Skip to main content
  1. seminars/

Manuel Schallar's talk on Structure-exploiting optimal control of port-Hamiltonian systems and Karl Worthmann's talk on Model predictive control for systems with null-controllable homogeneous approximation

·630 words·3 mins

We have a double-bill.

Time, Date, Location: 11:00, Friday, 9 January, 2023, Brian Anderson Building Seminar Room

The details are given below.

Title: Structure-exploiting optimal control of port-Hamiltonian systems

Abstract: We consider optimal control of port-Hamiltonian systems by minimizing the energy supplied via the ports. Albeit this intrinsic choice of the cost functional, the resulting optimal control problem can be singular, i.e., it is in general not coercive in the control variable. However to the dissipative structure of port-Hamiltonian systems and the strong intertwinement of cost and dynamics, we show under suitable assumptions that, despite this singularity, optimal controls exist, can be characterized by optimality conditions and exhibit a particular stability behavior towards a conservative subspace.

Title: Model predictive control for systems with null-controllable homogeneous approximation

Abstract: The stabilization of non-holonomic mobile robots is challenging according to A. Astolfi, see [1]. In particular, it was shown in [2] that the set-point stabilization cannot be achieved using MPC based on quadratic costs without stabilizing terminal conditions. A remedy is the use of tailored stage or terminal costs, see, e.g. [3]. In the first part of the talk, we recap these findings. Then, we present the framework proposed in [4], which allows to systematically design stage costs such that local asymptotic stability of the origin w.r.t. the MPC closed loop is ensured for a system class including the mobile-robot example. To this end, we show that cost controllability, a sufficient stability condition, holds making use of the homogeneous approximation.

  • [1] A. Astolfi: Discontinuous control of nonholonomic systems. Systems & Control Letters 27(1): 37-45, 1996.
  • [2] M.A. Müller, K. Worthmann: Quadratic costs do not always work in MPC. Automatica 82: 69-277, 2017.
  • [3] K. Worthmann, M.W. Mehrez, M. Zanon, G.K.I. Mann, R.G. Gosine, M. Diehl: Model predictive control of nonholonomic mobile robots without stabilizing constraints and costs. IEEE Transactions on Control Systems Technology 24(4):1394-1406, 2016.
  • [4] J.-M. Coron, L. Grüne, K. Worthmann: Model Predictive Control, Cost Controllability, and Homogeneity. SIAM Journal on Control and Optimization 58(5):2979-2996, 2020.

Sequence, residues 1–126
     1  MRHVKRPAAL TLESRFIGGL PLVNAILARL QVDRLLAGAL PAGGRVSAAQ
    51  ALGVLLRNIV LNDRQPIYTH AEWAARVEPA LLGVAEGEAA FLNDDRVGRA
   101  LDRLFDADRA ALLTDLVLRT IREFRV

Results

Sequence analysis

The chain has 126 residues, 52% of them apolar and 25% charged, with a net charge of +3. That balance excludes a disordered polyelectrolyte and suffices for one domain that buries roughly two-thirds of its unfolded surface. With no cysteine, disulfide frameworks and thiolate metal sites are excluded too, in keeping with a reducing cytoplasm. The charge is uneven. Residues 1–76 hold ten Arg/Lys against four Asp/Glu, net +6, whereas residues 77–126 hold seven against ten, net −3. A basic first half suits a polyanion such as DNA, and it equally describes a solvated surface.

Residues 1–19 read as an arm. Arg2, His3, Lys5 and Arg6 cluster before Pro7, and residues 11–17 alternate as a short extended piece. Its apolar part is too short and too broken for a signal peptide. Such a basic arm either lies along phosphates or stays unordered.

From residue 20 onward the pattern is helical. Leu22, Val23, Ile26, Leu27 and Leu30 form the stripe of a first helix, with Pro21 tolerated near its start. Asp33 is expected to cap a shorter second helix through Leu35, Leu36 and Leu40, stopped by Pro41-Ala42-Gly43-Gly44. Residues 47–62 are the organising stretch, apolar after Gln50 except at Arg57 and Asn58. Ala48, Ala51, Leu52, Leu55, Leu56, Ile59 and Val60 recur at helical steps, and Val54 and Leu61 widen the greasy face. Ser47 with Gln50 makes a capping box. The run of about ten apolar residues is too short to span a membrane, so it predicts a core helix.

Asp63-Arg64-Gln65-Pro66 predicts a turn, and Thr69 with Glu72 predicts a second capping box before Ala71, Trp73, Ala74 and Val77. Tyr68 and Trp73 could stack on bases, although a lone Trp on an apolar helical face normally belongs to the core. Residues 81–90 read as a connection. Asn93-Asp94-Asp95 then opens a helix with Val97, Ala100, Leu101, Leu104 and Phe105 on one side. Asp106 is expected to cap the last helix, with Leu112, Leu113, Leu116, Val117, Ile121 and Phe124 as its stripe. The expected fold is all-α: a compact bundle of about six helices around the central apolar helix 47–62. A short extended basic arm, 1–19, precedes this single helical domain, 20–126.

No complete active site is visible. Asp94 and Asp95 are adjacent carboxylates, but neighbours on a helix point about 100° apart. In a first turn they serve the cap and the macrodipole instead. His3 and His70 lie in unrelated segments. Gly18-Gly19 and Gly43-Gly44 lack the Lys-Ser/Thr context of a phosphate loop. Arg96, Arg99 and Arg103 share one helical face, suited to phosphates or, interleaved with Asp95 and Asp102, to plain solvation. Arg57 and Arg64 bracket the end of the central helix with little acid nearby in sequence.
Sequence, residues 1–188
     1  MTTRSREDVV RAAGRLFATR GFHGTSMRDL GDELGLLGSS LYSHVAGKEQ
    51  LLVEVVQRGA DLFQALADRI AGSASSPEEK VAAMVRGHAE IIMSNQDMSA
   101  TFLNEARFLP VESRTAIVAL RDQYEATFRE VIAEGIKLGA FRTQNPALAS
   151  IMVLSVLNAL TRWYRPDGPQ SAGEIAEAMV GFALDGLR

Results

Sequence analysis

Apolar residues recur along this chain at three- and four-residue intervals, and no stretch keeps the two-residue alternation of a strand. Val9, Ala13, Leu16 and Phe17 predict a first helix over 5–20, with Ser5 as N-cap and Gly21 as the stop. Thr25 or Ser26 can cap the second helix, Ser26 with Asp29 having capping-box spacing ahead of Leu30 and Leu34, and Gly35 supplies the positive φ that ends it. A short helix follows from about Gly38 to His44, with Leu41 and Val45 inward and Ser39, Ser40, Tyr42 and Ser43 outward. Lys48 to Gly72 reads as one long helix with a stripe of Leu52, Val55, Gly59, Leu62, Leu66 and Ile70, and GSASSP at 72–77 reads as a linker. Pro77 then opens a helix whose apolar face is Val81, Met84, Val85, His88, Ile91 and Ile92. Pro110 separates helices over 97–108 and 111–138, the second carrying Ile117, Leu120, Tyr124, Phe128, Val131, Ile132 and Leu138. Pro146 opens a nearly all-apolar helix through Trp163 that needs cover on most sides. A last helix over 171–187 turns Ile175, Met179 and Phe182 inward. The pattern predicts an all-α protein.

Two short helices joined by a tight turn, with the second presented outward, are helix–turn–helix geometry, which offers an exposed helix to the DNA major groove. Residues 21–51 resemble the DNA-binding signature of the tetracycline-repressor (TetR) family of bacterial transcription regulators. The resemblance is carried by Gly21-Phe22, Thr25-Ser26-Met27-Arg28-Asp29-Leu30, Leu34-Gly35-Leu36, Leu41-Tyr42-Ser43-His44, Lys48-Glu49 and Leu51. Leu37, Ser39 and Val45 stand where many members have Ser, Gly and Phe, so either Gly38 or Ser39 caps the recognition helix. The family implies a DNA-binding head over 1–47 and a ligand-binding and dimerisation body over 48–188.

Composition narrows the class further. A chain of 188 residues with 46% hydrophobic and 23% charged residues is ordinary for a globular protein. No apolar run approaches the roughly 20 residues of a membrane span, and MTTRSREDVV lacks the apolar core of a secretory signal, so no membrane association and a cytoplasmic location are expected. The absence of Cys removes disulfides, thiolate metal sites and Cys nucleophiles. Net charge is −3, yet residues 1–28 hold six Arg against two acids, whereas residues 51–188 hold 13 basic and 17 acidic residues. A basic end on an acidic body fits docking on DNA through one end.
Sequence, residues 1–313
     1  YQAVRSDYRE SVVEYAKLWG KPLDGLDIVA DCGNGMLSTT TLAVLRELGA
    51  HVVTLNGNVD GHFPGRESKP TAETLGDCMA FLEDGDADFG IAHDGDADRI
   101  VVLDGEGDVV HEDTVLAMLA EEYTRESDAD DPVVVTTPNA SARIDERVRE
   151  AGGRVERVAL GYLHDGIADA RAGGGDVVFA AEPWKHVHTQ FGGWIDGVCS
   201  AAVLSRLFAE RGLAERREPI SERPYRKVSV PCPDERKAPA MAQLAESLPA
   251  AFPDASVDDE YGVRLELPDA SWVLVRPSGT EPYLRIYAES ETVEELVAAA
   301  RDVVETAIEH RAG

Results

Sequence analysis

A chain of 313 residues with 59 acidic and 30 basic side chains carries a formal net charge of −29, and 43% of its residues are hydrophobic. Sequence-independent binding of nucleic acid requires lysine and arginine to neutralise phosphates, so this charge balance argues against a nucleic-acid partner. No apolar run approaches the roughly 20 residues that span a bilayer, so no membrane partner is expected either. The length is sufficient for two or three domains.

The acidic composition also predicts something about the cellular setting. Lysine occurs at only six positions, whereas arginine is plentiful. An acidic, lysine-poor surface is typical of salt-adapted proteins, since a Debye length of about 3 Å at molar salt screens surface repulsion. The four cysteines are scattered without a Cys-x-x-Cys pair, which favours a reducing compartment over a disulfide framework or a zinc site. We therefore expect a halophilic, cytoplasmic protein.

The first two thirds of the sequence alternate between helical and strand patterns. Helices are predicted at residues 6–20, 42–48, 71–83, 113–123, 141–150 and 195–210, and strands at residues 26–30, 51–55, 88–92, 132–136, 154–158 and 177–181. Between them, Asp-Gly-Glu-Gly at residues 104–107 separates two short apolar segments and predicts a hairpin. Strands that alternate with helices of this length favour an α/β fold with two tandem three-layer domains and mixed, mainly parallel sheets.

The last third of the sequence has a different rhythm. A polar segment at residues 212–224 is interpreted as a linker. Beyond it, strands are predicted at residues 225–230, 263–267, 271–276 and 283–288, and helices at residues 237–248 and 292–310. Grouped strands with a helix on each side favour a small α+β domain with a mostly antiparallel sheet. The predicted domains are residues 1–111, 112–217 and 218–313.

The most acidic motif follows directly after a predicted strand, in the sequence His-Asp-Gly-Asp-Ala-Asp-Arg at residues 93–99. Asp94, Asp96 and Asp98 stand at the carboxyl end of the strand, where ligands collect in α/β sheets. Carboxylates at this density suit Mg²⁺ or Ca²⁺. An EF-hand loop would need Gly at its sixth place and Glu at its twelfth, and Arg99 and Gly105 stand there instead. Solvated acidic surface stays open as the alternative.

Bios: Manuel Schaller obtained a M.Sc. in Mathematics in 2017 from the University of Bayreuth with focus on PDE-constrained optimization and numerics. In 2021, he received a PhD in Applied Mathematics at the University of Bayreuth under the joint supervision of Prof. Lars Grüne and Prof. Anton Schiela. During this time, his research was focused on stability and sensitivity analysis of (infinite-dimensional) optimal control problems, in particular turnpike theory and efficient space-time finite element discretizations for Model Predictive Control.

Currently, Manuel is with the Optimization-based Control Group at Technische Universität Ilmenau, where he holds a position as Lecturer. In his research, he focusses on singular optimal control of port-Hamiltonian systems and guarantees for data-based surrogate models for control systems with particular applications in retinal laser treatment and adaptive high-rise buildings.

In 2020, he was appointed as GAMM (German Association of Applied Mathematics and Mechanics) Junior fellow.

Karl Worthmann received his Ph.D. degree in mathematics from the University of Bayreuth, Germany, in 2012. 2014 he was appointed assistant professor for ‘‘Differential Equations’’ at Technische Universität Ilmenau (TU Ilmenau), Germany. 2019 he was promoted to full professor after receiving the Heisenberg-professorship ‘‘Optimization-based Control’’ by the German Research Foundation in 2018. He was recipient of the Ph.D. Award from the City of Bayreuth, Germany, and stipend of the German National Academic Foundation. 2013 he has been appointed Junior Fellow of the Society of Applied Mathematics and Mechanics (GAMM), where he served as speaker in 2014 and 2015. Currently, Karl Worthmann is chairman “Mathematical Systems Theory” of the interdisciplinary GAMM activity group “Dynamics and Control Theory” and recently served as programme co-chair for the MTNS 2022. Karl Worthmann’s current research interests include systems and control theory with a particular focus on nonlinear model predictive control, stability analysis, and data-driven control.